Thereâ€™s a tremendous amount of noise being made about the response to the disaster of the Gulf Coast, some of it even true. I even plan to rant a bit myself, but not just here. Check back for a later post when Iâ€™ll go ape shit on somebody maybe, but for now, this is more of a philosophical ramble.
The hard core conservative base that seems to have our President where they want him seems to strongly advocate rugged individualism and self reliance. Both virtues, no doubt about it. But like any virtue either one can be overdone to the point of becoming harmful. For those with both intelligence and compassion (the intelligence to know what the word â€œcompassionâ€ means, most importantly) the situation in my country in the past few decades has deteriorated steadily into that very state of rugged individualistic pathology. Remember the 1980s? The â€œMeâ€ decade, they called it. Michael Milliken, junk stocks, â€œHe who dies with the most toys winsâ€, even â€œShit Happens.â€ Those things didnâ€™t start out being bad, but the longer they were around the worse people made them. Some background.
â€œShit Happensâ€ is true enough. In this case, â€˜shitâ€™ is another way to say â€˜stuff.â€™ Some people donâ€™t like words like â€˜shitâ€™ but thereâ€™s a great deal of it loose in the world. In fact, itâ€™s fair to say we wouldnâ€™t be here without it. I think this phrase goes back to the origins of my generation, which was rising to power in those days. I think Paul Simon was writing about us when he penned the song Born at the Right Time. I know I was, and so were most of us. Even in the 1980s we had to remind ourselves that some things are bad, and they just happen and thereâ€™s nothing we can do about it. We keep forgetting that lesson though, witness hurricane Katrina, which is one big â€˜ol bunch of shit that happened to the Gulf Coast. Worse, by far, than any terrorist attack could possibly be. New Orleans these days is literally full of shit, as it happened to bubble up out of the sewers for a week. Thatâ€™s one thing.
Junk Bonds and Penny Stocks? Not a thing wrong with them, until somebody uses them as a means to rob his clients. Those clients were forgetting, in spite of the bumper stickers, that â€œshit happens.â€ These stocks will always go up. Iâ€™m only paying three cents a share, what could go wrong? A portfolio-churning, weaseling, conniving thief of a stockbroker, thatâ€™s what could go wrong. And thatâ€™s another thing.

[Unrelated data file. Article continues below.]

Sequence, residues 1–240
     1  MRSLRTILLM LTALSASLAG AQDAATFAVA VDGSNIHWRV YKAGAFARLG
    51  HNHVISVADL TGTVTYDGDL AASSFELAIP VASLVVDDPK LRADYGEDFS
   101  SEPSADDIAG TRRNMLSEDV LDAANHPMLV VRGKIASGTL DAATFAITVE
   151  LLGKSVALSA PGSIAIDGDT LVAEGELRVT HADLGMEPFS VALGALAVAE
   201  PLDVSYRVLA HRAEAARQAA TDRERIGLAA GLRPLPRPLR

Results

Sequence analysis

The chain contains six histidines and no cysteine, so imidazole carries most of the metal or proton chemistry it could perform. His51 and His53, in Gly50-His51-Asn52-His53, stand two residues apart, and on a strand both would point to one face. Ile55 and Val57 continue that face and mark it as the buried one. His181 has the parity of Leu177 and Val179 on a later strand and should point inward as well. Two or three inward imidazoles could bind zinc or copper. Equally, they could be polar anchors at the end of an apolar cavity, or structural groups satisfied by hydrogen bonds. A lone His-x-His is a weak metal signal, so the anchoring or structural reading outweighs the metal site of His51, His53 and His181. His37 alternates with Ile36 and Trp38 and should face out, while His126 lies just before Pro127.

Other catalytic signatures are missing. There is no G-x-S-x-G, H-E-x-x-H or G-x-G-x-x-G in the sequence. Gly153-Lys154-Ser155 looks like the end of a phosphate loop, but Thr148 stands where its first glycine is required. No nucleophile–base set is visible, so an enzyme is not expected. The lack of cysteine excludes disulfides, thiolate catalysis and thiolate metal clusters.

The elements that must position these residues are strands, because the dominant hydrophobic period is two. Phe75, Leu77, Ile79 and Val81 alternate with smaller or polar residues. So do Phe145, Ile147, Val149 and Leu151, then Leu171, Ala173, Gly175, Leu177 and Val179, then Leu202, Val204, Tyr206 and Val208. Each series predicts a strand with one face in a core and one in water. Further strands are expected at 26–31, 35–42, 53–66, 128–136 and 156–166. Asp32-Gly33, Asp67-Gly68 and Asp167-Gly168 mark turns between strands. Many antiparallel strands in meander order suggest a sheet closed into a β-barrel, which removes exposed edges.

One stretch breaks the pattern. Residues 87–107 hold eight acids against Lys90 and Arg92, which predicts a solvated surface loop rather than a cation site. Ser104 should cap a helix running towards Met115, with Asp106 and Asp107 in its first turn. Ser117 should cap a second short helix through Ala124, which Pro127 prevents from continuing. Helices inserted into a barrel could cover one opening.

The â€œMeâ€ decade? Well, thereâ€™s not a thing in the world wrong with taking care of yourself so far as you are able. But, can you get petroleum out of the ground, refine it into motor fuel, and put it into the automobile youâ€™ve built yourself from scratch? No? Then I guess you need other people. See, you might be involved in some way with building the automobile. You donâ€™t build them from scratch, but maybe the factory you work in does. You might keep the books, program the robots, or detail the paint job, but youâ€™re involved in making the car. Somebody else is involved in getting petroleum out of the rocks and into the refinery, then converting the petroleum to gasoline and other fuels. Actually, to make the car and fuel it, even one car, takes thousands and thousands of people all working together. I thought at the time that the â€œMeâ€ thing was an aberration. Oops. My generation was largely misled as they came of age. Dang â€˜em.
Finally, a glimmer of hope for those following us Boomers through life. Remember that the phrase is â€œHe who dies with the most toys wins.â€ That doesnâ€™t say a thing about money. Just â€œtoysâ€, which means any nice stuff that our parentâ€™s never had. Really, itâ€™s that simple, so if you make sure we have â€œtoysâ€ weâ€™ll let you keep more of your money. I am not making this up.